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The Pros and Cons of Medication-Assisted Drug Addiction Treatment

Using drugs to handle drug addiction is today’s trend. Instead of getting people through drug rehab so they can stop drugs and get their life back, they’re given other drugs. Some experts call that trading one drug for another. Others see taking the new drug as an actual solution, as treatment. Is taking drugs to treat drug addiction forward progress, or not?

Decades ago we started giving heroin addicts methadone. The idea was that they would stay on the drug – which would reduce cravings and could help a person stay off other drugs while they received actual drug rehabilitation.

Methadone was a band-aid. It was an attempt to reduce the harm the addicts were doing to themselves and others. It had the potential of reducing overdoses and deaths, drug-related crime, accidents, injuries, and so on.

The problem was that the addicts didn’t receive the rehabilitation treatment. Instead, they wound up on methadone for years, decades or even their entire life. Plus, it turned out methadone was much more difficult to quit than heroin and any other drug the addict might have been using. In fact, at one point there were more deaths from methadone than from heroin.

One drug was traded for another. Now people were dying from heroin AND methadone, and the drug addicts were still drug addicts.

The solution would have been to use methadone for a short time, if necessary, but only for a week or two while the person went through withdrawal. It would make withdrawal easier. Then, when they’re feeling better, get them off the methadone and started on rehabilitation.

That didn’t happen. Now we’re in the same situation. The addicts are still addicts.

So, they’re now giving addicts drugs other than methadone – while continuing to give methadone to some as well. True, it may help reduce overdoses, deaths, crime, expense to the government and so on.

BUT, it’s only going to help those particular situations if one of two things happen:

  1. The person is kept on the drug, doesn’t take any others, and it becomes a substitute for the other one they were addicted to, or
  2. They come off that drug and are put through a drug rehab program that works so they are no longer addicts, no longer have the need to take drugs.

Pros of Medication-Assisted Treatment

How can this treatment help addicts and others who might be affected by them? Although these drugs haven’t been taken long enough or given to addicts long enough to really know what the outcome will be, there are some possibilities:

  • The specific people who take these drugs may not be as likely to overdose and die as those who don’t take them.
  • They are also more likely to come into close contact with a drug rehab program and possibly have one at their disposal.
  • Since they’ll only be taking that one drug and it is given to them free of charge, or close to it, or covered by their insurance, they’re less likely to commit crimes to get drugs because the drug they’re now taking is given to them by the government either free of charge, or covered by insurance.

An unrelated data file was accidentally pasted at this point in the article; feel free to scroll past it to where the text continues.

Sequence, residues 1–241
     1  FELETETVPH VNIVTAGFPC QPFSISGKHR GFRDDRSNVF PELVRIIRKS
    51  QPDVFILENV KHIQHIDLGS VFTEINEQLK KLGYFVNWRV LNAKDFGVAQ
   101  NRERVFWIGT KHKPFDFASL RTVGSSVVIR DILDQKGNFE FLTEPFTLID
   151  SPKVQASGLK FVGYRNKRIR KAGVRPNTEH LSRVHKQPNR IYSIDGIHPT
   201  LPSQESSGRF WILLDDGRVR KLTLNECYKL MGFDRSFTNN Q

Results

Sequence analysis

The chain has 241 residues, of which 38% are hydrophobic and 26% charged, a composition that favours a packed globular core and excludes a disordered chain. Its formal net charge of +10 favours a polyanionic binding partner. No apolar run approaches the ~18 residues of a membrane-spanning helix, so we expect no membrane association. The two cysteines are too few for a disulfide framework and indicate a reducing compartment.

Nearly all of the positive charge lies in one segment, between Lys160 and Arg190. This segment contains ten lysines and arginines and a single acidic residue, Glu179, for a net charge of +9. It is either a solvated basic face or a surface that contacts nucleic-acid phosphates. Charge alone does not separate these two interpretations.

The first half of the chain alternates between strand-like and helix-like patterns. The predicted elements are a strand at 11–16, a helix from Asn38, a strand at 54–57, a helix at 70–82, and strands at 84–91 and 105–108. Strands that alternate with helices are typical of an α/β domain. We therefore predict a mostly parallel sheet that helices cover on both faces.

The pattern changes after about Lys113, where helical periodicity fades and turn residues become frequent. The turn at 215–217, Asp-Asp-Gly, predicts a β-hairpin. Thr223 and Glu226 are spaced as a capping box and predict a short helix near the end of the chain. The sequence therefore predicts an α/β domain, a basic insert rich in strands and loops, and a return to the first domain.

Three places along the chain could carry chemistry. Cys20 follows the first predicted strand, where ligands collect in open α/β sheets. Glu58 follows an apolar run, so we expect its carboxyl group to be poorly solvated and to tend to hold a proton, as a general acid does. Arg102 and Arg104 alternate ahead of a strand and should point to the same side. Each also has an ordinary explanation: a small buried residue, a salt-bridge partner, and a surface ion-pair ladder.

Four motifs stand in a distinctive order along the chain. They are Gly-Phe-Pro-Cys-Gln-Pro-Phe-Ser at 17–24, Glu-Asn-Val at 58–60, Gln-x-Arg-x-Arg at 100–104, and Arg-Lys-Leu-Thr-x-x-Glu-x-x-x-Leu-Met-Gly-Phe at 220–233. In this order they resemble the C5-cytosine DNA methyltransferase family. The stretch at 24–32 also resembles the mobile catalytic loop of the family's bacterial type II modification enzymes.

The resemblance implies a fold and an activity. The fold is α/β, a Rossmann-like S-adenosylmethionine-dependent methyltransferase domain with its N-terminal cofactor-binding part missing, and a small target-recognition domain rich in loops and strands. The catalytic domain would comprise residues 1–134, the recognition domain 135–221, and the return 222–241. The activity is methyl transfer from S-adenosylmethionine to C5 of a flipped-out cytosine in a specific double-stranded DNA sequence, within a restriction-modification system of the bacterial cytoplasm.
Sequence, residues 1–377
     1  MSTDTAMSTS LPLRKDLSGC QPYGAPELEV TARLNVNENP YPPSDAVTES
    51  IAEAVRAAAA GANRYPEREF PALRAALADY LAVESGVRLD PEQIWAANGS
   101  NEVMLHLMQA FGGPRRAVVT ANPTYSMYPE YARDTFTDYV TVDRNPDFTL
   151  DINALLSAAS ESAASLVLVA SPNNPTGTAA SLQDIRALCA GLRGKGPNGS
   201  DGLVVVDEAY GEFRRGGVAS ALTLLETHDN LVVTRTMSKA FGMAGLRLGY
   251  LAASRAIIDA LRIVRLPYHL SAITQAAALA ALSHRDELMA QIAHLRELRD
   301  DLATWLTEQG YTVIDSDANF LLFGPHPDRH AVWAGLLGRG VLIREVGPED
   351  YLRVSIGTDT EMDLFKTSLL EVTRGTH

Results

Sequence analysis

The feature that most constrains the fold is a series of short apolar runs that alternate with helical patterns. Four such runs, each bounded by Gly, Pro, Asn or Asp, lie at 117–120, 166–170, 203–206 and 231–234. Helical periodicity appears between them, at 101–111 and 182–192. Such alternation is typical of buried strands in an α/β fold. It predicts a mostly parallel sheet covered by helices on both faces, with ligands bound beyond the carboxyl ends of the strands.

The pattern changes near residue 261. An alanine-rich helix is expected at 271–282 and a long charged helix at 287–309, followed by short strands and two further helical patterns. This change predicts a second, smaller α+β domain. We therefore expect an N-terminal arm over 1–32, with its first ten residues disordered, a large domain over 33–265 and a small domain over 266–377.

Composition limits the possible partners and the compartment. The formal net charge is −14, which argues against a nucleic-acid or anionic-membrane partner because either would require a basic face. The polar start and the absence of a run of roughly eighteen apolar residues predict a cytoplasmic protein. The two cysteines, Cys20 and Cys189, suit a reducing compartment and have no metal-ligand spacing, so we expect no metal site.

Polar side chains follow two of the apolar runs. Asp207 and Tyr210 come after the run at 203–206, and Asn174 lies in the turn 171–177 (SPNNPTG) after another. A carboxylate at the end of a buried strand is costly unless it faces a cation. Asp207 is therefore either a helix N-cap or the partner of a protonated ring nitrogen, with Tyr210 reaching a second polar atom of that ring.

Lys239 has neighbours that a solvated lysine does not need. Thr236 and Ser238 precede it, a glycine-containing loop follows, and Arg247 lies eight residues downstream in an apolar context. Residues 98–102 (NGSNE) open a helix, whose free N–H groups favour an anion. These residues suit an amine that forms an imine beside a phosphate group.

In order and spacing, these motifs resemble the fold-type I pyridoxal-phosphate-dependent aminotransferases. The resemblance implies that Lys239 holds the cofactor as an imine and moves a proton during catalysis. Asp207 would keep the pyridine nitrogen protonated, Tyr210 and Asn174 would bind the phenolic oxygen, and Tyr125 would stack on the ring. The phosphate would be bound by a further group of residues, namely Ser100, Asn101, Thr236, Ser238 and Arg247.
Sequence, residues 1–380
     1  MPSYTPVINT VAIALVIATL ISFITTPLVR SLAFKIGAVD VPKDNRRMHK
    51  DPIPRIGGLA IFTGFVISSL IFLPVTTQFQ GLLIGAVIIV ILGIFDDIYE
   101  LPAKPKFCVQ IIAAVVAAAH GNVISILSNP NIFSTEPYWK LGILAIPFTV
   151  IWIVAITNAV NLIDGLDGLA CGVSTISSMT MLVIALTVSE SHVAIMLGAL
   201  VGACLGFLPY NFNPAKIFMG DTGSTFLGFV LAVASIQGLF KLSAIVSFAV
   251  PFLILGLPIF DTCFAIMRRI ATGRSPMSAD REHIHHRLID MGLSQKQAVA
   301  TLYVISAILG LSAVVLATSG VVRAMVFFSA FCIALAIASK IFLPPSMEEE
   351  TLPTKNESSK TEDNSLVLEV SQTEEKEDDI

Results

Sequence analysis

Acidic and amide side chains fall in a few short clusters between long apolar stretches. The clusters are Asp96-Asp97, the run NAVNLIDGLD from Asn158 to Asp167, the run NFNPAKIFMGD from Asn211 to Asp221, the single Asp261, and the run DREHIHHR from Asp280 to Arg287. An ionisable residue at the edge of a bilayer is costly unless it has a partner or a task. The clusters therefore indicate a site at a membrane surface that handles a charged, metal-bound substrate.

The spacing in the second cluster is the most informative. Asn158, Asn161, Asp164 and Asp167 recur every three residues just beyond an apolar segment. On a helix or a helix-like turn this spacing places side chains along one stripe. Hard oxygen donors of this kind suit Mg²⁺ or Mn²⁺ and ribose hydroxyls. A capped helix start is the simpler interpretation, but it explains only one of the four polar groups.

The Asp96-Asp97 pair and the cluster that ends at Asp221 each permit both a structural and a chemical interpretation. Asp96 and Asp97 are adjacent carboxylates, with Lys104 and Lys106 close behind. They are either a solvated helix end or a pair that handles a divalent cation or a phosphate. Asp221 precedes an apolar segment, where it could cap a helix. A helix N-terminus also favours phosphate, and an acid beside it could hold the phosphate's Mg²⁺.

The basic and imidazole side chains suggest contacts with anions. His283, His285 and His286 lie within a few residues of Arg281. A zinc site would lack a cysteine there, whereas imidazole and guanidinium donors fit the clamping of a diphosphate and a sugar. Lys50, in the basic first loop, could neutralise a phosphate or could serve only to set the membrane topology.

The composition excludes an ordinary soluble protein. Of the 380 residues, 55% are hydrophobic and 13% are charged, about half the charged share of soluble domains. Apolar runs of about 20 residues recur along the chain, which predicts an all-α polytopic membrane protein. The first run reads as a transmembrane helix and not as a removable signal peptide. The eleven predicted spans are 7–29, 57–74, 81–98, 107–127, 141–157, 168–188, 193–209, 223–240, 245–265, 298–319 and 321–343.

All good – no doubt about it.

But what is the downside?

Cons of Medication-Assisted Drug Treatment

Unfortunately, there are very few things that don’t have a downside. Here are the possibilities:

  • The addicts will remain addicts, but on a different drug.
  • It will be discovered – as more people use these drugs long term – that the side effects of these drugs will lead to taking more drugs.
  • People will take the drug for a while and then not be able to get off them.
  • The new drugs, as happened with methadone, will turn out to be more of a problem than the drug(s) the person was trying to quit.
  • Actual drug rehab, the kind that works to change people from addicts to non-addicts, from someone who is dependent on drugs to someone who is not, will not be offered to the addicts so they can change the things in their life that need it. Instead, they’ll be kept on the drug for months, years, or decades, Which is what happened, and is still happening, with methadone.
  • The number of drugged citizens continues to climb as the substitute drug takes the place of drug rehab. Drugs become the normal ‘treatment’, and rehab is ignored.

The irony of all this is that with long-term residential drug rehab people can get off drugs without taking any other drugs at all, let along for months, years or decades.

You have to ask yourself why more of the treatment that is known to work isn’t being offered. Why does half-baked treatment continue to be financed and encouraged?

Whatever the reason, it remains true that if you want someone to be able to change their life so they no longer take drugs, don’t want to, and are happy living their life, they need drug rehab. Using other drugs might be fine to make withdrawal easier but beyond that, they really just delay fixing the problem. At best.

Posted in: Drug Rehab

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